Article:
Skip to Content

Aggressive Blood Pressure Treatment Does Not Put Seniors at Risk: Study

SATURDAY, Sept. 7, 2019 -- Intensive treatment to lower high blood pressure can decrease older adults' risk of sharp blood pressure drops that can cause dizziness and increase the likelihood of falling, a new study says.

It included more than 2,800 patients, average age 63, who had recently suffered a stroke.

Half received more aggressive treatment to lower their blood pressure to below 130/80 mm Hg. The others got less intensive therapy with a target of between 130-149/80-90 mm Hg or more.

Blood pressure levels and symptoms were monitored over an average 15 visits per patient. During each visit, blood pressure was measured three times while a patient was seated and one time after two minutes of standing.

This was done to detect any changes and symptoms of orthostatic hypotension (OH), a sudden drop in blood pressure that can occur when a person goes from sitting to standing.

OH is associated with dizziness and increased risk of falling.

More aggressive blood pressure treatment and systolic blood pressure of 130 mm/Hg or under was associated with a lower risk of OH. Systolic blood pressure is the top number in a reading and represents the force of blood flow against the arteries when the heart contracts.

The study was presented Saturday at an American Heart Association meeting, in New Orleans. Research presented at meetings is typically considered preliminary until published in a peer-reviewed journal.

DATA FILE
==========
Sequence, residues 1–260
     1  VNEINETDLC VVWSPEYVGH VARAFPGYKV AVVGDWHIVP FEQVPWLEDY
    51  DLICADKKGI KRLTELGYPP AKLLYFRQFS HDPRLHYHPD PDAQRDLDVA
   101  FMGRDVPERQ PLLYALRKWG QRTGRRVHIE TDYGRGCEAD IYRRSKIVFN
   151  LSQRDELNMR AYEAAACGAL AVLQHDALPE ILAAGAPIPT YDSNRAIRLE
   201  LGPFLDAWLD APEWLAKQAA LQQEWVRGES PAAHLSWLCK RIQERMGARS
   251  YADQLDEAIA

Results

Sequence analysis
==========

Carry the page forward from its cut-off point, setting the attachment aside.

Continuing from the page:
While good blood pressure control helps reduce the risk of heart attack and stroke, it's long been believed that aggressive treatment could increase older adults' risk of falls, which can result in fractures, lengthy hospital stays and death.

One in four older adults has a fall each year, according to the National Council on Aging.

"Falls can be devastating in this older population. As a result, there is substantial concern about anything that might increase their fall risk," said study lead author Dr. Stephen Juraschek, an assistant professor of medicine at Harvard Medical School.

"However, our study provides strong evidence that intense blood pressure treatment does not induce orthostatic hypotension or its symptoms," he added in a heart association news release.

Previous studies have yielded inconclusive findings.

© 2020 HealthDay. All rights reserved.

Posted: September 2019

Read this next

How to Keep High Blood Pressure at Bay

SATURDAY, Oct. 17, 2020 -- To mark World Hypertension Day this Saturday, the American Heart Association offers advice on how to lower and control your blood pressure. High blood...

AHA News: Despite Recent Setbacks, Americans' Blood Pressure Has Dropped Dramatically Since 1960

MONDAY, Oct. 5, 2020 (American Heart Association News) -- Blood pressure among adults decreased significantly during a 45-year period, according to new research that may offer...

AHA News: High Blood Pressure May Cause Poor Communication Between Brain Regions

MONDAY, Sept. 21, 2020 (American Heart Association News) -- A test that measures blood flow changes in the brain shows people with high blood pressure are more likely to...